Look at her face, caught like a pretty little bug in a web. Stuck in the tangled threads, being wound up in the machine where there is no escape.

What do you think? The eyes are the window to your soul. What happens when your soul is taken in a photograph and left without you on the big, world-wide web?

If Google’s Panda Bit you Bite Back

HubPages CEO on Googles Panda algorithm: SEO doesnt work!!! | ZDNet.

As I was reading this post I got that too familiar feeling. The one where I wonder who made Google a God. Then I remember, the spammers. Spammer being short form for get-rich-quick bloggers and others.

Google is going to do what makes money for them. They have a lot of staff with a lot of great benefits and the promise of retirement in their own mansion on Google Island. So, Google isn’t here to be nice and fix how content is produced, published and promoted on the Internet. Google’s motives are not so altruistic as you may assume. Google sells ads. Did you read that the first time? If not, read it again.

Google sells ads. Google sells ads, on your site. You let them. Every few years you might even make the $100 limit to earn a payout from Google. Wow! Quit your full time job for that one!

Why do people take Google so seriously? Sure there are a few who do make enough money from Google to become ‘professional bloggers’. The keyword there (for you keyword lovers) is not money, it’s FEW.

So, what to do… what to do… what to do…. How about finding another solution? Skip Google – Google will be fine without you worrying about them and trying to cater to them. Google will be just fine without you.

Before Google people were looking at other methods to make money online. There were an assortment of ideas out there in trial stages. Since Google rose up and found itself put on a pedestal and made a God, most of those other methods and ideas have been neglected and passed over.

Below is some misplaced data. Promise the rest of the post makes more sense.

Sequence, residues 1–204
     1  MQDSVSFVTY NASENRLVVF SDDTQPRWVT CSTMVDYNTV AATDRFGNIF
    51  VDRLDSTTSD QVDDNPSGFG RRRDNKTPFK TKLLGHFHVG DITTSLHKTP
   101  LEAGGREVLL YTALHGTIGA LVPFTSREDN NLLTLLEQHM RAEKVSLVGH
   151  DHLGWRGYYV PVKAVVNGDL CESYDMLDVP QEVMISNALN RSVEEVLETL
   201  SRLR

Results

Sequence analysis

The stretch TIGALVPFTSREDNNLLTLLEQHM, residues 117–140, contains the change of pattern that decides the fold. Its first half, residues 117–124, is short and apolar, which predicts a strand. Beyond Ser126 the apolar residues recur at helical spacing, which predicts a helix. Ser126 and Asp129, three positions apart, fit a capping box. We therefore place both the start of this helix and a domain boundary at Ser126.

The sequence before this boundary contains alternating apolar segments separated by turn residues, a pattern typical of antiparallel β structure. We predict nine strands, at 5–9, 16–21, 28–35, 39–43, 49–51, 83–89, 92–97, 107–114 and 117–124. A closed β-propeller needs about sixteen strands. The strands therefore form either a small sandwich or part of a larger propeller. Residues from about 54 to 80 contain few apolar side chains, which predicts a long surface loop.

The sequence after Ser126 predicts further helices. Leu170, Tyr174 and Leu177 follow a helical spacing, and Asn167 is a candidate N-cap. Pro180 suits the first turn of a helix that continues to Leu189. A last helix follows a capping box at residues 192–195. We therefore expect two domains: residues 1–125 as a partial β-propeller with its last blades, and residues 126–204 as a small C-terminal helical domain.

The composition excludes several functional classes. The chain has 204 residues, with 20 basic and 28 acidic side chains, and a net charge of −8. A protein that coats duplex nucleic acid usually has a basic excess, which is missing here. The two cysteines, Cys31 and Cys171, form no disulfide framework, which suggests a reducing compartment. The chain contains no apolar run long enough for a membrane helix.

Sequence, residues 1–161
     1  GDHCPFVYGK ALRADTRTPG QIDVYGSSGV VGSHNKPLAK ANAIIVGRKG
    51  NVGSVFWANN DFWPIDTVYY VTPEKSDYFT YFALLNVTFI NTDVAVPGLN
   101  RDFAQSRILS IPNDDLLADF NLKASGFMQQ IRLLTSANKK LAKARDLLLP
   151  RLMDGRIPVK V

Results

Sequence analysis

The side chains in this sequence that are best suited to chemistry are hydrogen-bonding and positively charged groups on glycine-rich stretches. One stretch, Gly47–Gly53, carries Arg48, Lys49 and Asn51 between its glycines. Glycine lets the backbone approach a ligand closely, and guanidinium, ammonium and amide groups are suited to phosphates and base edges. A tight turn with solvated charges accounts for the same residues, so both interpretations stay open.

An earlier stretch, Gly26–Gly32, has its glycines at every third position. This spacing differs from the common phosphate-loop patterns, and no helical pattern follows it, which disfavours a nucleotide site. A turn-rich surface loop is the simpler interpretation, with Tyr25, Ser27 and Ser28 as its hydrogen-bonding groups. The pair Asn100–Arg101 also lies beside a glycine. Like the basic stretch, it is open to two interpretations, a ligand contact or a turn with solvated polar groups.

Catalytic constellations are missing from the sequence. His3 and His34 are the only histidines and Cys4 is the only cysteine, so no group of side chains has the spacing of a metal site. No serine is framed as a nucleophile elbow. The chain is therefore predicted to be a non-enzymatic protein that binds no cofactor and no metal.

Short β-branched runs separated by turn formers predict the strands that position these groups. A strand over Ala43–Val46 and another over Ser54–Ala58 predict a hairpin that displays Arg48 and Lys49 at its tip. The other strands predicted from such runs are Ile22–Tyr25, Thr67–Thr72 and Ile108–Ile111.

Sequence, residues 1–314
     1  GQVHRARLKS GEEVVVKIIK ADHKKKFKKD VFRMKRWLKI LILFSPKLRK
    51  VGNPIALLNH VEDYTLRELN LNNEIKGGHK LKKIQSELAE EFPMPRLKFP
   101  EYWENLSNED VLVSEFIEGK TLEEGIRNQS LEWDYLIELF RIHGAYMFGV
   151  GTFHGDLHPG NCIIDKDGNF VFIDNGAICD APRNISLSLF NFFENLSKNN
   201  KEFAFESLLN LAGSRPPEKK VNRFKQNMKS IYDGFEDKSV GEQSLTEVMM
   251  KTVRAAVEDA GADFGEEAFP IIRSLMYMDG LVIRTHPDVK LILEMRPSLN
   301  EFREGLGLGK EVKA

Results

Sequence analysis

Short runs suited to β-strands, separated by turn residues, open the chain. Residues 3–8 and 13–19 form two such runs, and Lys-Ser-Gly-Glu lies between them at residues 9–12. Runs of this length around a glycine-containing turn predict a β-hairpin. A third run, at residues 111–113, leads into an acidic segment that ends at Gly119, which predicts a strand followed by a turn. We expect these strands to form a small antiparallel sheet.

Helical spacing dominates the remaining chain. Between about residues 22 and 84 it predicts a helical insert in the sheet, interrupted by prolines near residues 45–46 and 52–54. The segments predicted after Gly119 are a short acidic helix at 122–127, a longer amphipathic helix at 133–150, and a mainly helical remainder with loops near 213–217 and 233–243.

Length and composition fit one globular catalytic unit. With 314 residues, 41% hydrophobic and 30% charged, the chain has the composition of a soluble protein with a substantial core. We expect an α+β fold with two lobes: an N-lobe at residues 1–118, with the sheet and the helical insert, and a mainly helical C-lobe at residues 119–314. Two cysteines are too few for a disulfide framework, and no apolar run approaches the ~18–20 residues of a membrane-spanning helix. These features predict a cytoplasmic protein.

I’m not going to list the ones I remember or try to track down the few which are still left. The key is to think differently. Stand on your own feet and slowly back away from the Google mentality. Consider better ideas for making money online. Go back to the BG (before Google) days and consider what you have to offer to people who are selling products and services.

For instance, have you ever contacted a business and asked if they would like to buy ad space on your site? Try it. You will need to come up with a plan, statistics and information about your publishing schedule, your readers, your commenters and how your site is distributed. Look at other publishers, offline. How do they sell themselves to advertisers?

Your site is your own microworld, which you control. There is no reason you can’t become more than yet another blogger working for Google. Stand on your own feet, take the reins of control and sell ads on your site – just like any other print publisher. Of course, there will be differences, due to your format, your web medium, the audience you can reach, and so on.

However, rather than get bitten by Google’s Panda bear, take the other option and DIY. If enough people stopped catering to Google and began to do it themselves the entire web could change. The entire way business is done could evolve, again.

How Very Informative Is It?

I pity words like ‘informative’ which get targeted by spammers and used as generic and meaningless words in comment spam. Don’t you?

Look at the word, informative. It was a nice word, a shy and quiet word on it’s own. It didn’t cause a ruckus. It didn’t ask for much. It really just wanted to let people know about a few things, important things but not Earth shacking. Nice things like, “the colour of your new dress really suits you”. Important things like, “your new dress seems to have caught fire”. Informative was just a nice, simple, well meaning word. Until the comment spammers grabbed it.

Which word do you notice being especially abused by comment spammers lately? Is there one that stands out in your mind as you skim through and delete comment spam from your blog?